Economic and Social Research Council
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Depression and binge-drinking more common for military partners

Depression and binge-drinking are more common among the female partners of UK military personnel than among women outside the military community, shows ESRC-funded research at King’s College London.

Researchers from the King’s Centre for Military Health Research at the Institute of Psychiatry, Psychology & Neuroscience (IoPPN) collected data from 405 women in military families with at least one child – representing around a third of the military population. Using a screening tool for depression the researchers found that:

  • 7% of military partners met criteria for probable depression, compared to 3% of women from the general population
  • 9.7% of military partners reported episodes of weekly, daily or almost daily binge-drinking, compared to 8.9% from the general population

Overall, military partners reported consuming alcohol less frequently than women in the general population, but reported binge-drinking more often. Binge-drinking was significantly higher when families were separated for more than two months due to deployment. After controlling for other factors linked to poor alcohol behaviours, the researchers found military partners were twice as likely to binge-drink as women in the general population.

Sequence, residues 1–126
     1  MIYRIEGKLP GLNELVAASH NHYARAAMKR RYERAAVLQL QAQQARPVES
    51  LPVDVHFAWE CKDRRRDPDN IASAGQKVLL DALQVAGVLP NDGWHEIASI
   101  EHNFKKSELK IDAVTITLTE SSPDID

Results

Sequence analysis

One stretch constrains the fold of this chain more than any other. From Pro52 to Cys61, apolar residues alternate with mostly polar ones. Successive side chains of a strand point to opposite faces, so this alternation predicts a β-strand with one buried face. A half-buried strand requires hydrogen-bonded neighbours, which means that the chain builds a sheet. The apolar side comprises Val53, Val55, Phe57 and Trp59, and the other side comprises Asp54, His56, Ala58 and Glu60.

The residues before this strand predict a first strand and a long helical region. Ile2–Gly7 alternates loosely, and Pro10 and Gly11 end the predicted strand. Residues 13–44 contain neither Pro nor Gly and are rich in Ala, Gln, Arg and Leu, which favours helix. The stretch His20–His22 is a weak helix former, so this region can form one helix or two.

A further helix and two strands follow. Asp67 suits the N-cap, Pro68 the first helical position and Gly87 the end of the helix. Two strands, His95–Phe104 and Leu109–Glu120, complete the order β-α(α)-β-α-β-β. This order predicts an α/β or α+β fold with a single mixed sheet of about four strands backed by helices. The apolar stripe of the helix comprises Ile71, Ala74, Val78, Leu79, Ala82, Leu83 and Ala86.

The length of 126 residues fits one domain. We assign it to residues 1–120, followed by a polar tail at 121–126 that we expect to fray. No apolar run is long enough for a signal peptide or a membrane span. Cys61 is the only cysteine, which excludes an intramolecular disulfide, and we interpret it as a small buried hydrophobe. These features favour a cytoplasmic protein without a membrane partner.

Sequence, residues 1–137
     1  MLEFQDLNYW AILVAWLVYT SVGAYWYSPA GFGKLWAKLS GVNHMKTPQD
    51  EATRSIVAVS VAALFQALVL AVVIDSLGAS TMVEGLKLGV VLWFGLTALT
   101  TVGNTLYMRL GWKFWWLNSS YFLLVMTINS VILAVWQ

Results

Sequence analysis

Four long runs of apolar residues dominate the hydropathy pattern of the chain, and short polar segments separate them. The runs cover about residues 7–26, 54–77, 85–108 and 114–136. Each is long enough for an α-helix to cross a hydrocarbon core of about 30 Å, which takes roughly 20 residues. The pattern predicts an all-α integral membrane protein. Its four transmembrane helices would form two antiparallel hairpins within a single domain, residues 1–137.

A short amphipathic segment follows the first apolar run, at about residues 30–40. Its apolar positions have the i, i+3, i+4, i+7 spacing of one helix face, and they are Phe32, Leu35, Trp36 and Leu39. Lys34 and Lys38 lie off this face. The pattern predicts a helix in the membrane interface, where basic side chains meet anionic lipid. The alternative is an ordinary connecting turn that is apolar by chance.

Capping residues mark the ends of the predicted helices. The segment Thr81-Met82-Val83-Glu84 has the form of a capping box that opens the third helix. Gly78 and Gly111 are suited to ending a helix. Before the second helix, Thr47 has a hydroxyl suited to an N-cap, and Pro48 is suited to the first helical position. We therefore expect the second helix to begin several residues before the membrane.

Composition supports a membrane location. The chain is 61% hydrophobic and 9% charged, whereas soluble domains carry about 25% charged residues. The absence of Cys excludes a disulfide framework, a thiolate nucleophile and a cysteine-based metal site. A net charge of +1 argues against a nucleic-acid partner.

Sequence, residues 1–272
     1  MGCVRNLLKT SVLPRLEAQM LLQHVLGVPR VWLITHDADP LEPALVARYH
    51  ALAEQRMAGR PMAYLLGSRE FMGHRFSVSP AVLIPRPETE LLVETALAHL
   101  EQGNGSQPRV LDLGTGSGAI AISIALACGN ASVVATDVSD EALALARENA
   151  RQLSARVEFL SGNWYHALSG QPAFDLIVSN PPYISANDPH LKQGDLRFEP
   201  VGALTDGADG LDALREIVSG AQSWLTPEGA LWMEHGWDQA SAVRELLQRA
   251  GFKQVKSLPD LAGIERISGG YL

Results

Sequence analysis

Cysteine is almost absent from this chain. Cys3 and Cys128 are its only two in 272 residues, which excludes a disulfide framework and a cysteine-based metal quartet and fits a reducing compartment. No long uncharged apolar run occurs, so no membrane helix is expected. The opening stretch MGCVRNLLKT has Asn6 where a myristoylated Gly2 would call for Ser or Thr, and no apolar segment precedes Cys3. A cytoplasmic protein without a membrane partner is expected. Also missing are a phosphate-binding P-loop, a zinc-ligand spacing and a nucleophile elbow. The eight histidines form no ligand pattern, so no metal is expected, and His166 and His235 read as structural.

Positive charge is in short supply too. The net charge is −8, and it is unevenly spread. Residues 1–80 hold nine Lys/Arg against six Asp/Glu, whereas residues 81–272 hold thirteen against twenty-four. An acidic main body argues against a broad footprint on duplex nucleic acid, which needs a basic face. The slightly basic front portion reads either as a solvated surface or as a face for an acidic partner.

The study, funded by the ESRC and the Army Families Federation, is the first UK-based study to look at the mental health and wellbeing of women in relationships with members of the UK Armed Forces.

Lead researcher Dr Rachael Gribble from the IoPPN says: "While the majority of families cope well with the added pressures of military life, the additional challenges faced by military families may explain the additional mental health needs and higher rates of binge-drinking we found among military partners. More research is needed to help find out more about what contributes to depression and problematic drinking in this population."

The researchers urge development of campaigns to reduce alcohol use in military families, suggesting that programmes which successfully tackle dangerous drinking among Service personnel could be extended to their partners.

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